Chicago Reporter pushes city to secure vacant buildings, make banks pay up

Chicago Reporter pushes city to secure vacant buildings, make banks pay up

Today, the Chicago City Council will hear an ordinance that would make banks that own vacant buildings secure their properties and pay up on their delinquent registration fees. That ordinance, supported by Mayor Rahm Emanuel, is a direct result of a Chicago Reporter investigation.

Reporter Angela Caputo uncovered the situation in our May issue, showing that the city lost out on at least $2.2 million as a result of building owners skirting regulations that they register vacant properties with the city and pay for their upkeep. Today's ordinance wouldn't allow banks to get around securing the property because it's in foreclosure.

Third Ward Alderman Pat Dowell is introducing the ordinance with the mayor's support, a scaled-down version of a previous ordinance that would have increased the fees associated with registering a vacant building by five times for owners who own more than five properties. After the Reporter released its investigation on how much the city was losing, and neighborhoods were suffering, from unsecured, unregistered vacant buildings, the city took notice. Alderman Dowell told Caputo that the article had gotten the Emanuel administration to support her measure.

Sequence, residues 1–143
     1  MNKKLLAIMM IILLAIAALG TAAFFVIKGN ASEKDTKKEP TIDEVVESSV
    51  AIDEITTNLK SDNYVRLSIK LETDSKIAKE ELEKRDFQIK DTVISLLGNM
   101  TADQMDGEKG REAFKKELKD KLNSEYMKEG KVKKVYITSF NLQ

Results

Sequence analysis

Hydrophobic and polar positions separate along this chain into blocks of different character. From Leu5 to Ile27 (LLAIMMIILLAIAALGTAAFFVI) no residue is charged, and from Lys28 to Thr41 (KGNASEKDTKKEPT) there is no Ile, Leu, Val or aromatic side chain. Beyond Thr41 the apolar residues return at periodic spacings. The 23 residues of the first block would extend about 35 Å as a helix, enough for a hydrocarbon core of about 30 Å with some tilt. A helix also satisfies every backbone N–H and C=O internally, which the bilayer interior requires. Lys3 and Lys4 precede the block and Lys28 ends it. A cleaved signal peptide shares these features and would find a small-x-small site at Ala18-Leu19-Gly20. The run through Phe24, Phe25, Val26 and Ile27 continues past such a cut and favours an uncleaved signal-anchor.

But will the ordinance help? Right now, it's unclear that a city measure, without state backing, has the legal power to get banks to pay up.

Until the state adopts the stricter policy of holding all entities with a financial stake in the vacant properties accountable, Dowell says city officials' hands are tied.

"The city does not have the (legal) authority," Dowell says. "We're waiting to see if the state will give us that authority."

The state bill, SB16, died at the 11th hour in the general assembly. The Illinois Bankers Association opposed the bill. Without the backing of state law, the Chicago ordinance could be challenged in court.

But time is of the essence, say advocates. Because the longer a vacant building sits empty, the greater the chance that it'll never be occupied again. Whole neighborhoods are at risk, said Geoff Smith, senior vice president at the Woodstock Institute.

“You’ve got places that are so devastated by the foreclosure crisis that you don’t know what to do next,” Smith said.

Photo credit: Nate Robert

© Community Renewal Society 2011

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